Good morning ... Hope you enjoyed the long weekend. But it's over now.
HHS secretary Alex Azar. Photo: Chris Kleponis-Pool/Getty Images
Any day now, the Trump administration is expected to make another big move on health care — relaxing Obama-era limits on the sale of short-term insurance plans.
The big questions: Will the federal government require these short-term plans to disclose that they don’t provide many of the ACA’s consumer protections? And how will these new federal rules interact with state regulations?
The big picture: Short-term plans can turn away people with pre-existing conditions, don’t have to cover the ACA’s “essential health benefits,” and can cap how much they’ll cover in a year.
The details: Aggressive disclosure requirements could help minimize the risk of people buying plans that don’t meet their needs, but any additional rules on what the policies actually cover will likely have to come from the states.
The bottom line: The basic choice for the Trump administration is whether it wants to free up a somewhat more lenient bridge option for healthy consumers, or take the most aggressive swing possible at the ACA.
Kentucky Gov. Matt Bevin. Photo: Bill Pugliano/Getty Images
Kentucky Gov. Matt Bevin is trying to move the legal proceedings over his state's Medicaid work requirements from Washington, D.C., to a Kentucky courthouse. And to get there, he's taking the somewhat unusual step of countersuing the 16 Kentuckians who initially sued to stop Bevin's plan from taking effect.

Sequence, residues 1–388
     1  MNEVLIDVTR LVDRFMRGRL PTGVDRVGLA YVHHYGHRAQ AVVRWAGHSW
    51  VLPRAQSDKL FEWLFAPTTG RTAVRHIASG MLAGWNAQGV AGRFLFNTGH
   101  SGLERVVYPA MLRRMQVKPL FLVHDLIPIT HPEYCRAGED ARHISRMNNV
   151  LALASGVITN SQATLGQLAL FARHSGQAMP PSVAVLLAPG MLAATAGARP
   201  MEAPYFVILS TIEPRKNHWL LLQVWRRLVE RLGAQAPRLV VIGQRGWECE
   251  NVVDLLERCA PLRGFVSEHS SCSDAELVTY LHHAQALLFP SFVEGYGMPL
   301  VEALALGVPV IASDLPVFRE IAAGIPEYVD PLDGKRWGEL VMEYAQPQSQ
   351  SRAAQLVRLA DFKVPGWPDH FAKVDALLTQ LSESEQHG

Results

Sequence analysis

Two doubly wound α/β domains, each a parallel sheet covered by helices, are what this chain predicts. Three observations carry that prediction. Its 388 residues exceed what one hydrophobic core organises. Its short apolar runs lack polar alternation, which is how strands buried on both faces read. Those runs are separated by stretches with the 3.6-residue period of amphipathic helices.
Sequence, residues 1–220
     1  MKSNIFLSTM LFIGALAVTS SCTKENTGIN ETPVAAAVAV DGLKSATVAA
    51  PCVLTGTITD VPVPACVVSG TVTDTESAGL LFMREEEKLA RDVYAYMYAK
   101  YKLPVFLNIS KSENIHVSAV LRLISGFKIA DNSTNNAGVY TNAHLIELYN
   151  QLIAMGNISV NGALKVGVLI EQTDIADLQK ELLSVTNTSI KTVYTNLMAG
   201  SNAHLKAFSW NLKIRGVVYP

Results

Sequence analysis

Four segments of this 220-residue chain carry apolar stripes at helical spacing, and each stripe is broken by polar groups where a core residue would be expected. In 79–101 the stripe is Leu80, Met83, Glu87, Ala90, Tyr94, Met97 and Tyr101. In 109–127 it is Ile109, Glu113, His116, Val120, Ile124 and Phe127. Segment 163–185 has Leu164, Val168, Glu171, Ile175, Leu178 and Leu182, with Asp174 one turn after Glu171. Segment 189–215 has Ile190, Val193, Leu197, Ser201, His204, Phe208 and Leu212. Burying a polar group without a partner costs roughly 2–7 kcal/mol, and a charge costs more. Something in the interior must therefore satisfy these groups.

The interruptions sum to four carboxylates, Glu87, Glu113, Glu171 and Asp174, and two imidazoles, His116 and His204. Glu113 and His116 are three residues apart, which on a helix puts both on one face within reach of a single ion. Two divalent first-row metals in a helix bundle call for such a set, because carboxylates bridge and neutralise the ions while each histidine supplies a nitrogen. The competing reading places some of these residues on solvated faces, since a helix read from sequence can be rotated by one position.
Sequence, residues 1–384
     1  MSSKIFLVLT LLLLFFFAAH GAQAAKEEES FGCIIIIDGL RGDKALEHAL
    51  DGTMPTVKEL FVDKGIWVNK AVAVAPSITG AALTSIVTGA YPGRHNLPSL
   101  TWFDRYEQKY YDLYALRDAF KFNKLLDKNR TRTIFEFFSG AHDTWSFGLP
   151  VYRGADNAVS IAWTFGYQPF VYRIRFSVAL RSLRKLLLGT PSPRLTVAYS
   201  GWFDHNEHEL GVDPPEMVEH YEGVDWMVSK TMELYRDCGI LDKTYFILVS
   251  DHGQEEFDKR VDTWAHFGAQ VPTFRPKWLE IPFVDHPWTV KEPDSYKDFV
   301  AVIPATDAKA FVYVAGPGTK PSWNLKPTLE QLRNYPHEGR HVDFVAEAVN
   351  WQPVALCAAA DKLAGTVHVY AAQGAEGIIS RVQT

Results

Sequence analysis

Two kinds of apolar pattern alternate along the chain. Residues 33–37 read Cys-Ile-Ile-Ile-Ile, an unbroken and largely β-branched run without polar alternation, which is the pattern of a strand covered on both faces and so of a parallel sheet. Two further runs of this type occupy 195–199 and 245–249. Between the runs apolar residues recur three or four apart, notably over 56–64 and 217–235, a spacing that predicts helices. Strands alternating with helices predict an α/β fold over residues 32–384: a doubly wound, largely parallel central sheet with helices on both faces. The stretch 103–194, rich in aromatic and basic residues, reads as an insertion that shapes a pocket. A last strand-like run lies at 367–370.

Between the lines: When critics of Kentucky's plan filed suit to try to block it, they didn't sue Kentucky for proposing work requirements. They sued the federal Department of Health and Human Services for approving Kentucky's work requirements.
Notable: Most of the judges on the relevant D.C. court were appointed by Democratic presidents. All of the active judges on the relevant Kentucky court —
the one Bevin wants to move the case to — were appointed by former President George W. Bush.
Go deeper: Read the complaint.
Artificial intelligence is all the rage in Silicon Valley, but it has so far not made much of a dent in health care. That’s largely because the technology just isn’t good enough yet, according to a report in VentureBeat.
Key quote: “I have no doubt that sophisticated learning and AI algorithms will find a place in health care over the coming years,” data scientist Andy Schuetz tells VentureBeat. “I don’t know if it’s two years or 10 — but it’s coming.”
Hospitals are still fighting tooth and nail to stop cuts to the 340B drug discount program, Axios' Bob Herman reports. More than $1.5 billion in annual cuts to the program went into effect at the beginning of the year.
The latest: The American Hospital Association and other hospital groups have sued to stop the cuts, and filed a new brief last week arguing their lawsuit should not be dismissed. They say they tried to tell HHS the cuts were unlawful during the period for public comments, but HHS went through with them anyway.
Between the lines: Many say the 340B program has holes in it that have allowed some hospitals profit excessively. But this legal battle just reinforces how difficult it is to change the status quo in health care.
What's on your agenda this week? Let me know: firstname.lastname@example.org.